Video games have become one of our world’s biggest pass times and hobbies. There is a huge array to choose from and everybody loves them, some almost to the point of obsession. They’ve been around for thirty years now and have come a long way since the first Atari games. Game designers have made them so realistic to the point where one can loose themselves in the game for hours. But is this really a good thing? Focusing on youth, what effects are these games, particularly the violent ones, having on their growth and development into adults?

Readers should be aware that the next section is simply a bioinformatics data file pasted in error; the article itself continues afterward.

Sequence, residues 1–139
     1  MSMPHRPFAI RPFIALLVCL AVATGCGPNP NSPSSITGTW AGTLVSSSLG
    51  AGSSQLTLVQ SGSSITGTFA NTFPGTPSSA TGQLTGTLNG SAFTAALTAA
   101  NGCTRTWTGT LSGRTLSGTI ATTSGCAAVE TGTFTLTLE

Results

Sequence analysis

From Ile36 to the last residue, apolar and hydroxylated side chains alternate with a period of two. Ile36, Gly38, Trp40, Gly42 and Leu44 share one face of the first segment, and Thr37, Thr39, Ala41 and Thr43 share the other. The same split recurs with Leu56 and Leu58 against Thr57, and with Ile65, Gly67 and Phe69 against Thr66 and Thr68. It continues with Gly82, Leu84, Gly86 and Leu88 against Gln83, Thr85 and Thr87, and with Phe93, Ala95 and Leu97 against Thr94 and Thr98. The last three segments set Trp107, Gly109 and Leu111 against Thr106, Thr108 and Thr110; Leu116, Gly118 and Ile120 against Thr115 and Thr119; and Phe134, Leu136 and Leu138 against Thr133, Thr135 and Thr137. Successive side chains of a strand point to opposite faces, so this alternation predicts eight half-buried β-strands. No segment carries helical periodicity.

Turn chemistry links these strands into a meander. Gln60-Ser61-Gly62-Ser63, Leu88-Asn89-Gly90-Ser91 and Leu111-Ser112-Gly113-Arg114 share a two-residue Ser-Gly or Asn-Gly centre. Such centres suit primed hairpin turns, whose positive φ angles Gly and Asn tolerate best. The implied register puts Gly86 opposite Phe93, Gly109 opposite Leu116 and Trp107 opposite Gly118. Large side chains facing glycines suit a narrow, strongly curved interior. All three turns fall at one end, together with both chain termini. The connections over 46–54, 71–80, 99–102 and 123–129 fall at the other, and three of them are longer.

Studies have shown that adolescents that play violent video games tend to be more aggressive, are more likely to have conflicts with their teachers, typically fight more with their peers, and have a noticeable decline in academic performance (www.pamf.org/preteen/parents/videogames.html). These games have also been linked to poor social skills, spending less time with family or doing school work or other hobbies, less reading and illiteracy, decrease in exercise and weight gain, and aggressive tendencies (www.aacap.org/cs/root/facts_for_families/children_and_video_games_playing_with_violence). So what, exactly, are these games doing to create these issues?